CHREMES: Hi! friend, what are you after there? Easing yourself!
BLEPYRUS: Oh! there! it is over and I can get up again at last.
§ 374 CHREMES: What's this? You have your wife's tunic on.
BLEPYRUS: Aye, 'twas the first thing that came to my hand in the darkness. But where do you hail from?
CHREMES: From the Assembly.
BLEPYRUS: Is it already over then?
BLEPYRUS: Why, it is scarcely daylight.
CHREMES: I did laugh, ye gods, at the vermilion rope-marks that were to be seen all about the Assembly.
BLEPYRUS: Did you get the triobolus?
CHREMES: Would it had so pleased the gods! but I arrived just too late, and am quite ashamed of it; I bring back nothing but this empty wallet.
BLEPYRUS: But why is that?
CHREMES: There was a crowd, such as has never been seen at the Pnyx, and the folk looked pale and wan, like so many shoemakers, so white were they in hue; both I and many another had to go without the triobolus.
BLEPYRUS: Then if I went now, I should get nothing.
CHREMES: No, certainly not, nor even had you gone at the second cock-crow.
BLEPYRUS: Oh! what a misfortune! Oh, Antilochus! no triobolus! Even death would be better! I am undone! But what can have attracted such a crowd at that early hour?
CHREMES: The Prytanes started the discussion of measures nearly concerning the safety of the State; immediately, that blear-eyed fellow, the son of Neoclides, was the first to mount the platform. Then the folk shouted with their loudest voice, "What! he dares to speak, and that, too, when the safety of the State is concerned, and he a man who has not known how to save even his own eyebrows!" He, however, shouted louder than they all, and looking at them asked, "Why, what ought I to have done?"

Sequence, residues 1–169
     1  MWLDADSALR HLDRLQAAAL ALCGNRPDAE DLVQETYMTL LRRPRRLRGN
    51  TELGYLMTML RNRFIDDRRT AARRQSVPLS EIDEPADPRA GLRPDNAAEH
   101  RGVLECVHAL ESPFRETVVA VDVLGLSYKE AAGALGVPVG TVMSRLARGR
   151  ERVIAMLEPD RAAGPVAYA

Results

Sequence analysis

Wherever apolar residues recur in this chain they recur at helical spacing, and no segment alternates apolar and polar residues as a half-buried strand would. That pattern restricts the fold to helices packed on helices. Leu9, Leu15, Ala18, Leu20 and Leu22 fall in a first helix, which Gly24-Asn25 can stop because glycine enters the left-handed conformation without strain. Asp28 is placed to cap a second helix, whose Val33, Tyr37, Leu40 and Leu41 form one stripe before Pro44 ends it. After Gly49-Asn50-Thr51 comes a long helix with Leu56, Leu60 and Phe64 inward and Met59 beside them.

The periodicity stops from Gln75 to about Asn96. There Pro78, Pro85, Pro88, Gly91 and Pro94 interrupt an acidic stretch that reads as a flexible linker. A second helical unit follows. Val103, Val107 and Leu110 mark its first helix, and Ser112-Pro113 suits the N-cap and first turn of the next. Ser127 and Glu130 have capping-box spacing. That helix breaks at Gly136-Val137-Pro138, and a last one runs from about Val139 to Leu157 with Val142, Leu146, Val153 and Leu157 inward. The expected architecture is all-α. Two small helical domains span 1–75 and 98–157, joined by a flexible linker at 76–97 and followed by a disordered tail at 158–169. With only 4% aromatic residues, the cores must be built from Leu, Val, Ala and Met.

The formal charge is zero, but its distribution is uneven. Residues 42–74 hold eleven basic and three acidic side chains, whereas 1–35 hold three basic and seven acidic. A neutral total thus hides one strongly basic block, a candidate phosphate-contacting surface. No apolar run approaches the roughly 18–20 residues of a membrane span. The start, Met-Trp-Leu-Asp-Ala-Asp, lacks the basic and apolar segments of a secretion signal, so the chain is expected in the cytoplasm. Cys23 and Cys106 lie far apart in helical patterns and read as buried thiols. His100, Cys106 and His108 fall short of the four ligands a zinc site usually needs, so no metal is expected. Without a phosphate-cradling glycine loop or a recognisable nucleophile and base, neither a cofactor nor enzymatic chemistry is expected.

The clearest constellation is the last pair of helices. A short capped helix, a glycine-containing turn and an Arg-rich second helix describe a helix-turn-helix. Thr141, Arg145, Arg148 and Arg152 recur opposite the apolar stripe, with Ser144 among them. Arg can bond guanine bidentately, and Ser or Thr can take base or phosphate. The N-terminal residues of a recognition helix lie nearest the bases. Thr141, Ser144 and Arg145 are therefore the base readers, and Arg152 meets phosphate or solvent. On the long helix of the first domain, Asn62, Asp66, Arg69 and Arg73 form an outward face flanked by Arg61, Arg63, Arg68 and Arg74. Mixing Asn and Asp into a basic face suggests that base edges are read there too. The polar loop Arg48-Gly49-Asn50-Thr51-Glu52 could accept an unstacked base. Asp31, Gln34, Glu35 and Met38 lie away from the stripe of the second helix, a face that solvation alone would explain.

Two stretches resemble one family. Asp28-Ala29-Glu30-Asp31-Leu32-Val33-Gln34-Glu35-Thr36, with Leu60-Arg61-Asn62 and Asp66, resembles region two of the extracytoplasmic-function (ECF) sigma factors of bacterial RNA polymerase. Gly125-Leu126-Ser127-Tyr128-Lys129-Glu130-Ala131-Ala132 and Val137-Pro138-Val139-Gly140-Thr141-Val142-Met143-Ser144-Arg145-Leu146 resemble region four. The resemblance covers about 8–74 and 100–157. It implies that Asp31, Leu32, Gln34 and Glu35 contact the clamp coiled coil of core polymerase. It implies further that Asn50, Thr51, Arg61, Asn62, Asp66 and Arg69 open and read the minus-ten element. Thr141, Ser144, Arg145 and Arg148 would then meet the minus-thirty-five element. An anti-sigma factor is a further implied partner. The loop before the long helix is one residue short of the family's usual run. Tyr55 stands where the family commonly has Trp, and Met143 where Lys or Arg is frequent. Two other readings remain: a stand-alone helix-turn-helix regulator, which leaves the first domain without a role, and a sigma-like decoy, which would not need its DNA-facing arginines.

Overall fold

§ 404 BLEPYRUS: Pound together garlic and laserpitium juice, add to this mixture some Laconian spurge, and rub it well into the eyelids at night. That's what I should have answered, had I been there.
CHREMES: After him that clever rascal Evaeon began to speak; he was naked, so far as we all could see, but he declared he had a cloak; he propounded the most popular, the most democratic, doctrines. "You see," he said, "I have the greatest need of sixteen drachmae, the cost of a new cloak, my health demands it; nevertheless I wish first to care for that of my fellow-citizens and of my country. If the fullers were to supply tunics to the indigent at the approach of winter, none would be exposed to pleurisy. Let him who has neither beds nor coverlets go to sleep at the tanners' after taking a bath; and if they shut the door in winter, let them be condemned to give him three goat-skins."
BLEPYRUS: By Dionysus, a fine, a very fine notion! Not a soul will vote against his proposal, especially if he adds that the flour-sellers must supply the poor with three measures of corn, or else suffer the severest penalties of the law; 'tis only in this way that Nausicydes can be of any use to us.
CHREMES: Then we saw a handsome young man rush into the tribune, he was all pink and white like young Nicias, and he began to say that the direction of matters should be entrusted to the women; this the crowd of shoemakers began applauding with all their might, while the country-folk assailed him with groans.
BLEPYRUS: And, 'faith, they did well.
CHREMES: But they were outnumbered, and the orator shouted louder than they, saying much good of the women and much ill of you.
BLEPYRUS: And what did he say?
CHREMES: First he said you were a rogue...
BLEPYRUS: And you?
CHREMES: Let me speak ... and a thief....
BLEPYRUS: I alone?
CHREMES: And an informer.
BLEPYRUS: I alone?
CHREMES: Why, no, by the gods! all of us.
BLEPYRUS: And who avers the contrary?
§ 441 CHREMES: He maintained that women were both clever and thrifty, that they never divulged the Mysteries of Demeter, while you and I go about babbling incessantly about whatever happens at the Senate.